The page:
1. A trademark Could be “Reserved” for Some Indefinite Future Use
One prominent misconception involving trademark protection is that a trademark could be “reserved” for some indefinite future use. This is wrong. Trademark protection does not exist unless and until the trademark is used in commerce in conjunction with goods and/ or services. A trademark applicant cannot “reserve” a trademark for some indefinite future use. Only by filing under intent-to-use provision can a limited-time reservation occur. This type of trademark application requires a subsequent filing of a declaration of use confirming bona fide use of the trademark. The applicant is granted a six-month period in which to file a declaration of use. The applicant may request extension of this time in additional six-month periods. In no event may the declaration of use be filed later than 36 months after filing of the trademark application – that registration would not be allowed.
2. A Trade Name Confers Upon Itself Registered Trademark Rights
Another common misconception is that reservation of a trade name by a provincial or federal incorporation, and approval as a corporate name, confers upon the trade name registered trademark rights. It does not. Only filing of a formal trademark application with the Trademark Office may secure a properly registered trademark.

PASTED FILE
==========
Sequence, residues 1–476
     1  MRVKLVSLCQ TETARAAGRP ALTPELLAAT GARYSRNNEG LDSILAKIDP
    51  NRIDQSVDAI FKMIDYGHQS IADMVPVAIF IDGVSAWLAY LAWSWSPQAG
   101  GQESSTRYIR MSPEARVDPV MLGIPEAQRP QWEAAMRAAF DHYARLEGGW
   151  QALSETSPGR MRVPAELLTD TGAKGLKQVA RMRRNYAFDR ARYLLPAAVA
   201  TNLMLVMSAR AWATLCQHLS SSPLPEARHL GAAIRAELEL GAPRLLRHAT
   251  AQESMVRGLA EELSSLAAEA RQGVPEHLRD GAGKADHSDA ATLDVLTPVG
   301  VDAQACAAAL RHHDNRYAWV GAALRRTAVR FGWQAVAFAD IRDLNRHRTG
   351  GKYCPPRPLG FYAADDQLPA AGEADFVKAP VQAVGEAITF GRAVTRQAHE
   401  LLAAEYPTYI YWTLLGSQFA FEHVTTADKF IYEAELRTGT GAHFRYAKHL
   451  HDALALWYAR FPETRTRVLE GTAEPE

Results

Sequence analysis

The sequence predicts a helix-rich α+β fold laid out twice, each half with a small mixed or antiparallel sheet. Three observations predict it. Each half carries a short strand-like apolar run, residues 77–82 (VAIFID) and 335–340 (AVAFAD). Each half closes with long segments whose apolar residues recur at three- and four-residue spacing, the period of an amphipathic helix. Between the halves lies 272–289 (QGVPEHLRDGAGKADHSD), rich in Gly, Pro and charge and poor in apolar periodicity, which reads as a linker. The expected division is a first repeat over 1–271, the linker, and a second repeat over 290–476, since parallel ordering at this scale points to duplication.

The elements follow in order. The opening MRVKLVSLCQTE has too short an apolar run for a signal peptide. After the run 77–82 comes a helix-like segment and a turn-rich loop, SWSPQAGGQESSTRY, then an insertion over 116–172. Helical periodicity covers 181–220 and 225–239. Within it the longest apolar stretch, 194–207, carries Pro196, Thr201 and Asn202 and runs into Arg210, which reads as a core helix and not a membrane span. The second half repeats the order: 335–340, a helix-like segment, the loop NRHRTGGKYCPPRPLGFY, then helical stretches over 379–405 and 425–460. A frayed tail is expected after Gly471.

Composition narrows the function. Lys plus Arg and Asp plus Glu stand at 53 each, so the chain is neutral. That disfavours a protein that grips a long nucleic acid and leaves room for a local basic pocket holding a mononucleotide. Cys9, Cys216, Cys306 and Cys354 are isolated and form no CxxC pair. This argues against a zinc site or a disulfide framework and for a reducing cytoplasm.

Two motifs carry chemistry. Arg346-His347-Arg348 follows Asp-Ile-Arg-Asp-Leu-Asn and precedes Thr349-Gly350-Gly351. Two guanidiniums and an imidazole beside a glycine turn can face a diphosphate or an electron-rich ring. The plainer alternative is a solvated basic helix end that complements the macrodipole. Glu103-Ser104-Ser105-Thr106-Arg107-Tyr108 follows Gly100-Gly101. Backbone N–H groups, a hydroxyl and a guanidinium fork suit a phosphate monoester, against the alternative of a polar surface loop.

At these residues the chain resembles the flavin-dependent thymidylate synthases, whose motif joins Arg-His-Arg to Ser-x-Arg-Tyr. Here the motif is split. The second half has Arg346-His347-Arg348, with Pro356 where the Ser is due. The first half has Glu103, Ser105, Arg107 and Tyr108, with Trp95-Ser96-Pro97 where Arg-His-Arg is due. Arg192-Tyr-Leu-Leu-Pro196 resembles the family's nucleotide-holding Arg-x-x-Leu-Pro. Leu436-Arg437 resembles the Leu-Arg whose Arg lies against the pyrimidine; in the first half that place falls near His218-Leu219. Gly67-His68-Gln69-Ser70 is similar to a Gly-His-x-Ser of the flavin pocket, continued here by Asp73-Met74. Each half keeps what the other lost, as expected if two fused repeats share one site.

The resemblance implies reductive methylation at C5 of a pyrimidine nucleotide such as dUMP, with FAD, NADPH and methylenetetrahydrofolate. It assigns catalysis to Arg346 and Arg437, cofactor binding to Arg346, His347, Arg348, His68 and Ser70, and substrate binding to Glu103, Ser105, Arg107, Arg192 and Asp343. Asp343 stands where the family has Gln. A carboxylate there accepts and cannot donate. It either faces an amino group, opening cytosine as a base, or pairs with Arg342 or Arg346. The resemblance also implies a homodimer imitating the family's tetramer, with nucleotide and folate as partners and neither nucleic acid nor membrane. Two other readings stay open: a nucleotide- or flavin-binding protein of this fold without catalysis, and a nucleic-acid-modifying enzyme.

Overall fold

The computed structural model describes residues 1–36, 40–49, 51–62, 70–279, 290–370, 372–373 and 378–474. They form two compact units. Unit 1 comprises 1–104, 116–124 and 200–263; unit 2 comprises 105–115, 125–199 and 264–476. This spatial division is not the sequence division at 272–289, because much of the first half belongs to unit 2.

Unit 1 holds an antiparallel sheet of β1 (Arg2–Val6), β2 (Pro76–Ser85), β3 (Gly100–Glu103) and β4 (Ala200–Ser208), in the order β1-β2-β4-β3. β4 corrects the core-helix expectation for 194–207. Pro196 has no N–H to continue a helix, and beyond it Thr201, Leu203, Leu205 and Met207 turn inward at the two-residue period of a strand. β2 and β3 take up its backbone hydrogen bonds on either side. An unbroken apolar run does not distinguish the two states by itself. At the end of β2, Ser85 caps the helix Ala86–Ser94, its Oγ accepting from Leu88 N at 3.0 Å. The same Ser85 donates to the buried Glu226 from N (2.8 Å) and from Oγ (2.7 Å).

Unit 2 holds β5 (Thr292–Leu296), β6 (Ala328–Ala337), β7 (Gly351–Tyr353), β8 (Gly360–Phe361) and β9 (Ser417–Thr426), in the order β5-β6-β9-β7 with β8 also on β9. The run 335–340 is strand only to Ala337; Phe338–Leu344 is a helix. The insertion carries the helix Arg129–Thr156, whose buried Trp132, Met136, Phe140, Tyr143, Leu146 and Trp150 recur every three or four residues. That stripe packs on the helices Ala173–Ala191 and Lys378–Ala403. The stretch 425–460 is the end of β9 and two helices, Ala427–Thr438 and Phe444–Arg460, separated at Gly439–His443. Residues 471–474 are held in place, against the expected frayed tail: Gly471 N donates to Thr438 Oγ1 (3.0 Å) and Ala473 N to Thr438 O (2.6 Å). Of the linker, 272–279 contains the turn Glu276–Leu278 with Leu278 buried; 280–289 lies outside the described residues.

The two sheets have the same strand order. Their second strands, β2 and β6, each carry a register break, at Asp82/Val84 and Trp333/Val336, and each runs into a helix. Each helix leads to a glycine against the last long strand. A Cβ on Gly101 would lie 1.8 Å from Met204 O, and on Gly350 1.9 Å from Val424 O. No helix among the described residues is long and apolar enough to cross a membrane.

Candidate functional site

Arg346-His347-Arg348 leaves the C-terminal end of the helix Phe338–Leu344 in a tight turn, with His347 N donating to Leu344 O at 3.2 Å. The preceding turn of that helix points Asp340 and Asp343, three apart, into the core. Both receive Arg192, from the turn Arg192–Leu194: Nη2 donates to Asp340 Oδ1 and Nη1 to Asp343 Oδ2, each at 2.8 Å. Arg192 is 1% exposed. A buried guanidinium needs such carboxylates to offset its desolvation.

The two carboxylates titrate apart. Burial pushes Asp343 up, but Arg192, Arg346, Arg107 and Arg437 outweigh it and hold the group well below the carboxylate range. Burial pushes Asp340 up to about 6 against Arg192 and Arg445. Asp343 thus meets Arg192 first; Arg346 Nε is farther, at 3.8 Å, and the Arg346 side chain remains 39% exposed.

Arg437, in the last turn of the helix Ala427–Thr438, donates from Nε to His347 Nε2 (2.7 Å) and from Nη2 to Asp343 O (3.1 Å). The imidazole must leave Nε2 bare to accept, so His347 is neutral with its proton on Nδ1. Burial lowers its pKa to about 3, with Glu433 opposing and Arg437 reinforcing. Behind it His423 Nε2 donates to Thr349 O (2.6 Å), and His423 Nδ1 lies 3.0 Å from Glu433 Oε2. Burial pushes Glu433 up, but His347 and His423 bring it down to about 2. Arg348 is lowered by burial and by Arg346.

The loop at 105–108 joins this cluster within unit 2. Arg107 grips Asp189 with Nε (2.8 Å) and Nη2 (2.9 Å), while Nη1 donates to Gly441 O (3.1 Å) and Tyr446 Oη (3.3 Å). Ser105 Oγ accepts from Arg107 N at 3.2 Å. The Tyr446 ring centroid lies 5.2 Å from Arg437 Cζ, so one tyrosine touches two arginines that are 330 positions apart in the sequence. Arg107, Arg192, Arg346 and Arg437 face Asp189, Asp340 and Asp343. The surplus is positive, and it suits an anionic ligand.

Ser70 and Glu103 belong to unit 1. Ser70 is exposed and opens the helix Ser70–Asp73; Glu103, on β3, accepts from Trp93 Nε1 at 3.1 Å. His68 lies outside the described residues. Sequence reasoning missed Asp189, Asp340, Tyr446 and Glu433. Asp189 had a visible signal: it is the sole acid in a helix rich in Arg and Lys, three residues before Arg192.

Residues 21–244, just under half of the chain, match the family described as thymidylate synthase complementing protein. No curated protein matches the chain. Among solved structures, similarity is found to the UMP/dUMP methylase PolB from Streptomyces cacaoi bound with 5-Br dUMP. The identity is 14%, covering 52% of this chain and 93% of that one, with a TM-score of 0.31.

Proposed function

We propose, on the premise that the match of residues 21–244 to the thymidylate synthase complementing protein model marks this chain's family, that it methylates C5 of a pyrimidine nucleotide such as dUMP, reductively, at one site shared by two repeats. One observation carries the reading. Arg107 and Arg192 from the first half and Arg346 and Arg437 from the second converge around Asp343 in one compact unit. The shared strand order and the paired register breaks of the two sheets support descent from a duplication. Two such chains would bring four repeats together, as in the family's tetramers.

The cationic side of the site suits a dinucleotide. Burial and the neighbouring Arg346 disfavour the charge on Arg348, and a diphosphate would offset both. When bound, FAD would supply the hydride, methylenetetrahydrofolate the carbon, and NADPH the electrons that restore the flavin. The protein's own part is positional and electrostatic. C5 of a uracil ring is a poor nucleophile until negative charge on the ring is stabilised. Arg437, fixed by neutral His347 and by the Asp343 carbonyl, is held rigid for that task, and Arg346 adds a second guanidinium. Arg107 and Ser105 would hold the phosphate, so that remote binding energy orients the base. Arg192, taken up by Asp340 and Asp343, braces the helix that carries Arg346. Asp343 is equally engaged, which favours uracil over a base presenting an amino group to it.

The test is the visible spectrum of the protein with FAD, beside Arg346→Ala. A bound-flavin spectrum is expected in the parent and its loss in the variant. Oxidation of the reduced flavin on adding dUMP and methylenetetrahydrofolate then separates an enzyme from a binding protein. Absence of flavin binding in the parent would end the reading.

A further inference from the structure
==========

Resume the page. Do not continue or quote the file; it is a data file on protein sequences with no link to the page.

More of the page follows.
3. A Last Name of a Person May be Freely Used as a Trademark
Most people believe that they have an unrestricted right to use their own last name as a trademark for goods and/or services. This is wrong. A person does not have an absolute right to use his or her own surname for commercial purposes. For example, Tom McDonald could not enter the fast food hamburger business and begin selling “McDonald’s” hamburgers. Using that name in conjunction with hamburgers is a trademark of the McDonald’s Corporation. If Tom McDonald was permitted to sell his “McDonald’s” hamburgers, consumers would likely be confused as to the source of “McDonald’s” hamburgers. He likely could sell “Tom McDonald’s” hamburgers, albeit without the use of the golden arches. However, Tom’s brother, Ronald, may find it difficult to do the same.
4. A Trademark Exists for the Benefit of its Owner
The most common misconception about trademarks is that they exist for the benefit of the trademark owner. They do not. They exist for the benefit of the consumer. The purpose of a trademark is to identify the origin of a particular product, so that if one buys a product with the Xerox name on it, he or she knows that a product manufactured by Xerox. Another important point to remember is that while patent and copyright protection has a limited duration, trademarks could exist forever. That is why when trademarks are assigned or sold, they are sold along with the “goodwill” which public opinion associates with them.
5. The Best Trademark is the One That is most Descriptive